Ian Parker in the Journal of Critical Psychology, Counselling and Psychotherapy (UK), Vol. 8 (2008), No. 1, pp. 60-61

This marvellous collection brings together innovative alternatives to psychiatry from different parts of the world. It will stimulate new connections between those who are struggling to speak about experiences of abuse at the hands of those who claim to understand and 'cure' them.

There are some intriguing common themes that emerge as we read about initiatives like Soteria, Hotel Magnus Stenbock or The Windhorse Project (to name but three that get an airing here). There is an assumption that 'psychotherapy' of some kind can be counterposed to 'psychiatry', and that genuine psychotherapeutic work is in the good place, beyond bad psychiatry. Each brief scattered mention of Freud in the book, for example, is positive, and quasi-psychodynamic notions jostle alongside humanist perspectives. There is a further assumption that appears in the description of these and other organisations (ranging from Icarus to the Berlin Runaway House to La Cura), which is that this therapeutic work should be conducted in a way that brings people together – even perhaps in some kind of therapeutic community – rather than working with each person individually.

There are, of course, tensions between the strategies that are adopted in different cultures. So, for example, the Open Dialogue initiative in Finland works on the assumption that contributions should be tailored to an evolving discussion (and so here the community ethos is very strong), whereas the Law Project for Psychiatric Rights in the United States appeals to individuals to assert their power to seek compensation for wrongs they have suffered at the hands of the psychiatric system.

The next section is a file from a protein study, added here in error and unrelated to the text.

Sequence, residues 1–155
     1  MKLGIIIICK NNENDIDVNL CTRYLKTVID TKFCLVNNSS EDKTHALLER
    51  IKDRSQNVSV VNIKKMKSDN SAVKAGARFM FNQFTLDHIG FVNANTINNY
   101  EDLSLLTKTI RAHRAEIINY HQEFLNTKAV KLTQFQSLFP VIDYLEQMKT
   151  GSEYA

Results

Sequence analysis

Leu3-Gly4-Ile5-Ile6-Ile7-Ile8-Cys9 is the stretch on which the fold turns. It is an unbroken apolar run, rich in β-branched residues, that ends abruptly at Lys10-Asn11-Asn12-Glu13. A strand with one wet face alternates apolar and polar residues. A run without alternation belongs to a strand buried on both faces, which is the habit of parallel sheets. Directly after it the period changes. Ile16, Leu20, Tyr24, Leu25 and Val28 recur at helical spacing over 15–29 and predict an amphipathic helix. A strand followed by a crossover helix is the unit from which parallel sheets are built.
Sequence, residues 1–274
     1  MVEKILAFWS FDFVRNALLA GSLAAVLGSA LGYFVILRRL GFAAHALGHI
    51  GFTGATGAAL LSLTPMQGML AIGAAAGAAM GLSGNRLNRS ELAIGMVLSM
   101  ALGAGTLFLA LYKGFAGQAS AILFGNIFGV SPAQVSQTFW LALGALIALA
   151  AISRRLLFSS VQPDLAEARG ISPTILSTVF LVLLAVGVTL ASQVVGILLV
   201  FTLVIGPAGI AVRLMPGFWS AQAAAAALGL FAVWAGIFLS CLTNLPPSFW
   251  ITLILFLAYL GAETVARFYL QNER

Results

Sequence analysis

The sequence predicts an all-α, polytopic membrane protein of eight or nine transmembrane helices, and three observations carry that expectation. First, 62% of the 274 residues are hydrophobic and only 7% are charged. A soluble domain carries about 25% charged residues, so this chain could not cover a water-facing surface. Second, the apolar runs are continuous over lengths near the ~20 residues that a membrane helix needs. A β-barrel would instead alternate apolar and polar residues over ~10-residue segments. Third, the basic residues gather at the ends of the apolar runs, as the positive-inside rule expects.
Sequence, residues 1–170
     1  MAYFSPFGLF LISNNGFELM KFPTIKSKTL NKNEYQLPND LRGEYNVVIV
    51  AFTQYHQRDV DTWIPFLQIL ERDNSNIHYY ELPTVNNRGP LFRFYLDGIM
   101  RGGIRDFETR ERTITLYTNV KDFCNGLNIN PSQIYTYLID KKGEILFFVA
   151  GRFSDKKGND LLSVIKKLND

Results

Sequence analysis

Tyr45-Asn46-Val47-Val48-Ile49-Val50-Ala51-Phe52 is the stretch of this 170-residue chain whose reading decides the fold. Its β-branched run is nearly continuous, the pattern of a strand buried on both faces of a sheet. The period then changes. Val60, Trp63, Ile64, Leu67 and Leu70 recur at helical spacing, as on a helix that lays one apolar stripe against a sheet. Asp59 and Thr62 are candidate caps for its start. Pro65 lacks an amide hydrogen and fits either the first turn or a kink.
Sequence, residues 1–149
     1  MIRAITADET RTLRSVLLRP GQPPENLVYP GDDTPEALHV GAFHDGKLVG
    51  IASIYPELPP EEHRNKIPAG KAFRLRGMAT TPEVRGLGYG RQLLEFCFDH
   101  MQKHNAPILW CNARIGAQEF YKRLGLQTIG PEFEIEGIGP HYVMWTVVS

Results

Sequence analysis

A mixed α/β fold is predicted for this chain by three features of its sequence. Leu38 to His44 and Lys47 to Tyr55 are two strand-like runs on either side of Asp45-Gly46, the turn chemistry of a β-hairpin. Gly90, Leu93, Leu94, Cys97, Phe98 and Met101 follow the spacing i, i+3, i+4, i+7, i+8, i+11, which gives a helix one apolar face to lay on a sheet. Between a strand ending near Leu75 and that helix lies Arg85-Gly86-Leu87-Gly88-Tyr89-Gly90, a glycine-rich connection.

One thing that is striking about the collection is how people faced with psychiatry have often had to reinvent their critique of the medical model in ways that are suited to particular political-cultural circumstances but in ways which also enable them to forge a common cause that is increasingly internationalist. Medical psychiatry has for sure been one of the forces of globalisation, and its proponents have been keen to use 'cross-cultural' research to reinforce its claims to find universal underlying disease entities. This book shows that radical non-psychiatric approaches to suffering are also now able to turn diversity of experience from apparent weakness into strength. Readers can follow the links from the Lehmann website to access debates in and across the various groups that are represented in the book (at www.peter-lehmann-publishing.com) and those debates will no doubt be augmented by the voices of groups that are fighting on the same ground who are not directly involved in this edition.

The disclaimers at the beginning of the book about the liability of contributors for harm that might arise from readers coming off medication highlights an issue that is hinted at in different chapters but is not tackled head-on; the conditions in which we try to go 'beyond psychiatry' today are now circled by legal procedures which mostly favour medical psychiatry. But, this book shows that there are ways out. At 431 pages, this sprawling compendium will be an invaluable resource for all those building alliances for a world without psychiatry.

Beyond psychiatry: Catherine Jackson talks to German survivor activist and writer Peter Lehmann about his new book (pdf, 171 KB), in: mentalhealth today (UK), February 2008, p. 20

Psychiatry's Real Experts. Review by Karl Koehler, M.D., Professor Emeritus of Psychiatry, Bonn (Germany)